Strokes gained: putting presents player putting efficiency in a more accurate, meaningful way by measuring putting performance relative to his fellow competitors in a tournament. It takes into account putting proficiency by distance and computes the difference between a player’s performance on every green – the number of strokes needed to hole out – against the performance of the other players for each round. This ultimately shows how many strokes are gained or lost due to putting for a particular round, for a tournament and over the course of a year.
Strokes gained: putting remains an integral part of the equation to calculate strokes gained: off-the-tee, strokes gained: approach-the-green and strokes gained: around-the-green. Each statistic is based on the concept of how many strokes were gained or lost to the field for each round.
In order to calculate strokes gained for each category the TOUR created a baseline for player performance from all distances and locations. The baseline, established from the last five years of ShotLink data, was utilized to calculate the average strokes needed for every distance from the tee to get the ball in the hole.
Strokes Gained: Off-the-Tee
Strokes gained: off-the-tee includes all tee shots on par-4s and par-5s. For event and season-level statistics, a player’s total strokes gained or lost off the tee are added together and divided by the number of rounds played to determine his average strokes gained per round versus the field.
Strokes Gained: Approach-the-Green
Strokes gained: approach-the-green measures the tee shot on par-3s and the first shot following a tee shot on par-4s and par-5s. For event and season-level statistics, a player’s total strokes gained or lost on approach shots are added together and divided by the number of rounds played to determine his average strokes gained per round.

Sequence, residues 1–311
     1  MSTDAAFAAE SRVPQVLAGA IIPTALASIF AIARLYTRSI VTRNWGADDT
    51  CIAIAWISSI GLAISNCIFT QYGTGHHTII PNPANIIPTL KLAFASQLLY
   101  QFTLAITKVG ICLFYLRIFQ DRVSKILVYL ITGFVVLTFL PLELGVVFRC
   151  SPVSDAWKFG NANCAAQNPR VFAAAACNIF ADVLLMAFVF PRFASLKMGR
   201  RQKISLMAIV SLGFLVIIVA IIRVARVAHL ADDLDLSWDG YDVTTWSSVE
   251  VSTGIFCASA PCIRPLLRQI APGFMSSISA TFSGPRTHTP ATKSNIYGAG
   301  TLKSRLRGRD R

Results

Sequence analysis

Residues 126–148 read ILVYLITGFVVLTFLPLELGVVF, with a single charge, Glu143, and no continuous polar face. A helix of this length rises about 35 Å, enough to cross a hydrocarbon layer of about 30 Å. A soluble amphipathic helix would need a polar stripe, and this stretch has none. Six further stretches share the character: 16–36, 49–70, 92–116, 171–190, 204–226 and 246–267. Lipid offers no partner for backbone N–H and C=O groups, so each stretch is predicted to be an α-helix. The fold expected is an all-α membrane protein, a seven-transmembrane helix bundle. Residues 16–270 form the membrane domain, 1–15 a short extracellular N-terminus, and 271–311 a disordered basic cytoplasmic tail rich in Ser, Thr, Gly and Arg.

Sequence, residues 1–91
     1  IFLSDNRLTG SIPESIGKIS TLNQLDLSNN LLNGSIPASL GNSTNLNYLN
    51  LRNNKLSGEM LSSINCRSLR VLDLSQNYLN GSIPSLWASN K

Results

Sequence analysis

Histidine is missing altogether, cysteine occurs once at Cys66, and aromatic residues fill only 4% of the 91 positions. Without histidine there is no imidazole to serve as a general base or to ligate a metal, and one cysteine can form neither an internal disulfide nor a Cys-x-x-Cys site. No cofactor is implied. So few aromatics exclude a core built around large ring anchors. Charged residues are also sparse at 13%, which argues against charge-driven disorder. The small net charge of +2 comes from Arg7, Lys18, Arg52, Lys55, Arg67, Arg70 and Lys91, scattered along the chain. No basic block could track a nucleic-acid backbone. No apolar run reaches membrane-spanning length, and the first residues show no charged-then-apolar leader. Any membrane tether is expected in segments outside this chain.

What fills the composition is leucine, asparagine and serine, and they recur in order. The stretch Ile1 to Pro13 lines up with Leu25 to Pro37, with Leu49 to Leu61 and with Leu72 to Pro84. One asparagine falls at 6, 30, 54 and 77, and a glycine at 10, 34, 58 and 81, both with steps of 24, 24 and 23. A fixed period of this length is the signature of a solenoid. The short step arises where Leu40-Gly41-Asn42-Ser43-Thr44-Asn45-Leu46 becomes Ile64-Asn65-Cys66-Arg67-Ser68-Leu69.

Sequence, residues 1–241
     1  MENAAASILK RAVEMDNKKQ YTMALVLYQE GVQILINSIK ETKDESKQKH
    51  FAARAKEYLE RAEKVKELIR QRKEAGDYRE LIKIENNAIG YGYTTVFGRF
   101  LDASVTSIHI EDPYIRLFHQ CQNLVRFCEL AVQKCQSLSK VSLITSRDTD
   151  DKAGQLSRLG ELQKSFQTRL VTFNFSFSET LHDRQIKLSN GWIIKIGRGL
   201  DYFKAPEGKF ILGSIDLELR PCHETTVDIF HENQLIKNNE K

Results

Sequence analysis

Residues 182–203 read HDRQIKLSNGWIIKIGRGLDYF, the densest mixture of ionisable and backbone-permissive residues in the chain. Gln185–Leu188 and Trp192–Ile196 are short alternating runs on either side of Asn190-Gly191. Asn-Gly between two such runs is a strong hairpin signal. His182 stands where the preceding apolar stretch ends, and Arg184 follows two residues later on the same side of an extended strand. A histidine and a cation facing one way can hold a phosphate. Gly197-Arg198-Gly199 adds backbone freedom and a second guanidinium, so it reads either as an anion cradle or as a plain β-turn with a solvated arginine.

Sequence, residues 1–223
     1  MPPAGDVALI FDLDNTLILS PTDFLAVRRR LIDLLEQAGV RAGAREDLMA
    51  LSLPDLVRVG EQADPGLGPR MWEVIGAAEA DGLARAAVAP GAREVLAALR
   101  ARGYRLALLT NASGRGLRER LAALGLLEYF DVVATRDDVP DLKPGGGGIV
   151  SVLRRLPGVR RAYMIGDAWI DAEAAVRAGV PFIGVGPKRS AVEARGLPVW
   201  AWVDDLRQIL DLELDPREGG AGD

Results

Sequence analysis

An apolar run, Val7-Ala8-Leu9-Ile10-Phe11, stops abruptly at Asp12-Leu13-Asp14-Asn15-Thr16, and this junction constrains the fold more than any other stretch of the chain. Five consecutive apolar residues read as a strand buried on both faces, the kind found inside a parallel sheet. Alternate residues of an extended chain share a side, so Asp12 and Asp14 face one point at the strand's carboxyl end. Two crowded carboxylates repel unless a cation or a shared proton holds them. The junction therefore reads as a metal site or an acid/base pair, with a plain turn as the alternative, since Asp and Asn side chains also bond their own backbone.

Strokes Gained: Around-the-Green
Strokes gained: around-the-green measures any shot (not on the green) from within 30 yards of the edge of the green. For event and season-level statistics, a player’s total strokes gained or lost around the green are added together and divided by the number of rounds played to determine his average strokes gained per round.
As with strokes gained: putting, strokes Gained: off-the-tee, approach-the-green and around-the-green can track players’ performances back through the 2004 PGA TOUR season, since it is based on ShotLink data that already has been collected.
Prior to the introduction of strokes gained: putting, the primary overarching putting statistic continued to be putts per round, which simply measures the average number of putts a player takes over 18 holes and can be skewed by chipping close to the hole after missing a green.
The PGA TOUR continues to make ShotLink powered by CDW data available to academics for creative exploration that ultimately may lead to the development of new official statistics, such as the strokes gained category. The TOUR will continue to develop the strokes gained model and will work on the introduction of additional insights in other areas of the concept over time.